If you scan the index of any reputable book on the Harlem Renaissance, you should find at least one listing for Harold Jackman, who was fabulously called “The Boulevardier Of Harlem” and “The Most Handsome Man In Harlem,” from the 1920s to 1930s. If the book is definitive or particularly resourceful, there will be several mentions throughout the whole text. Jackman did not write nor paint and thus did not leave an oeuvre. But let’s not get it twisted, Harold Jackman was no minor player in the game!
Some say he achieved “nobility by association” but let’s straighten it out and say that he was definitely one of the brightest lights of that era. It is impossible to have an in-depth conversation about Countee Cullen, for instance, without mentioning Harold Jackman. And if he was never known for anything, at least he was once known as one of Harlem’s most attractive men.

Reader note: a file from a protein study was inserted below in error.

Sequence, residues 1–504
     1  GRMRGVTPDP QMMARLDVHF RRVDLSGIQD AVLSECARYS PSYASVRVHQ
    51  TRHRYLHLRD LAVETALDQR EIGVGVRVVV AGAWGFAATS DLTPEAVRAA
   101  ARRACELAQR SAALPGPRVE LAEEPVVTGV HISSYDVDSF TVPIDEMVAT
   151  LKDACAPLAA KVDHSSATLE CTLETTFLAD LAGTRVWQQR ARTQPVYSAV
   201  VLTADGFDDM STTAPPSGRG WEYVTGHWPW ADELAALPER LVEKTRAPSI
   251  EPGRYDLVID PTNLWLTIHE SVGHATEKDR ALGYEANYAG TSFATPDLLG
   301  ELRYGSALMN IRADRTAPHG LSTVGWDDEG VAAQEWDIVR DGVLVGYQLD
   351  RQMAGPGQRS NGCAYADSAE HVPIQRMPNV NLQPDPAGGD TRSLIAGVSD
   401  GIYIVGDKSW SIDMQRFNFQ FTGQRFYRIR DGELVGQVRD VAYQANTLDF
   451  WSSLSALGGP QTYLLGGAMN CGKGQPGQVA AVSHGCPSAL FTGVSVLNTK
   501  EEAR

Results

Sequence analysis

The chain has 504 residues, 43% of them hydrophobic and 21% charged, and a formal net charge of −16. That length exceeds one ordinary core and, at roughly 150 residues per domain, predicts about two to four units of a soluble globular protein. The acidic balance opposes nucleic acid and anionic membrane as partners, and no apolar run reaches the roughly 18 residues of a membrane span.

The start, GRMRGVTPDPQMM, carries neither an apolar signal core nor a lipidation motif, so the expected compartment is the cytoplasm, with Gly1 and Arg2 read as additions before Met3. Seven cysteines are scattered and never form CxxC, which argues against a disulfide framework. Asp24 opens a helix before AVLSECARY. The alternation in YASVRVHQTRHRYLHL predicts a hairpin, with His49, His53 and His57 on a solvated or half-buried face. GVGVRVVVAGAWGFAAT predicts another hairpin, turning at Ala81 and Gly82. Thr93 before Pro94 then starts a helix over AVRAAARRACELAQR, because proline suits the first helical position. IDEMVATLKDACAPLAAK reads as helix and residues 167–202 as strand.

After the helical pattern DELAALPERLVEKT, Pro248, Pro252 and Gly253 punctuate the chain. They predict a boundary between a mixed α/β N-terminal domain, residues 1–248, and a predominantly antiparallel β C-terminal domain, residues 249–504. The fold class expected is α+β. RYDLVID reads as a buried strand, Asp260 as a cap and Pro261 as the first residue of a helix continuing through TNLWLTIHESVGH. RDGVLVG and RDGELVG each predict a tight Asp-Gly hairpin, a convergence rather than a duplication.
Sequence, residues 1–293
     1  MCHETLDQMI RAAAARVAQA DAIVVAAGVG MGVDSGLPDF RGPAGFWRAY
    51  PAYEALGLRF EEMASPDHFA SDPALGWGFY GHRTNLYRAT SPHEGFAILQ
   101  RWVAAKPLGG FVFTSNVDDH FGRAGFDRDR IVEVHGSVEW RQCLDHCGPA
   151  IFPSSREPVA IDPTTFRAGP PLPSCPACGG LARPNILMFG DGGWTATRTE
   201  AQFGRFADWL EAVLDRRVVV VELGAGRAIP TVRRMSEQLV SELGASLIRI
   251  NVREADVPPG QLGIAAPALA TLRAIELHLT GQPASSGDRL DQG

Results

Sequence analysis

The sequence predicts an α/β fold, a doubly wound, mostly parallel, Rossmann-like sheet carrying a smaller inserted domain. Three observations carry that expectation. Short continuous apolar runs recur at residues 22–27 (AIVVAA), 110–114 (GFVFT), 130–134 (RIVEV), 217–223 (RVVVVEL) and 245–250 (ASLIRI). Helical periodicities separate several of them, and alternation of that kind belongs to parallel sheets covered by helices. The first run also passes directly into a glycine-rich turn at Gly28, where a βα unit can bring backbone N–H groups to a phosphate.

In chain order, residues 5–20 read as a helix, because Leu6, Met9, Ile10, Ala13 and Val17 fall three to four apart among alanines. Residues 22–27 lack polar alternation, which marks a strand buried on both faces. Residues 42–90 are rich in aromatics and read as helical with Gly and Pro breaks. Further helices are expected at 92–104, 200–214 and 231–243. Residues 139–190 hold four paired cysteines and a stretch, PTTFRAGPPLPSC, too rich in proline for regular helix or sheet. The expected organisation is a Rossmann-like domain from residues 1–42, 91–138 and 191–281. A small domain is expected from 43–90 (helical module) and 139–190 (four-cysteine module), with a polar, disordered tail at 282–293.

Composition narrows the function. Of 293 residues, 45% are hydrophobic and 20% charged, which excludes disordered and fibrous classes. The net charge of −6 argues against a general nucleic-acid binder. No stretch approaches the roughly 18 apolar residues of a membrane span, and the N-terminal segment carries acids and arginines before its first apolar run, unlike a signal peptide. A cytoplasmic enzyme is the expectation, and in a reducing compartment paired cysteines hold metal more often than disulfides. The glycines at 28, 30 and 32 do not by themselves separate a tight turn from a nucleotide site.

In the 20’s and 30’s, Mr. Jackman was often described as “a boulevardier,” and as such he was a head-turner. So much so, that many of the era’s leading artists and photographers, including Winold Reiss, Richmond Barthe, Carl Van Vechten, and James L. Allen rushed to capture his handsome visage.
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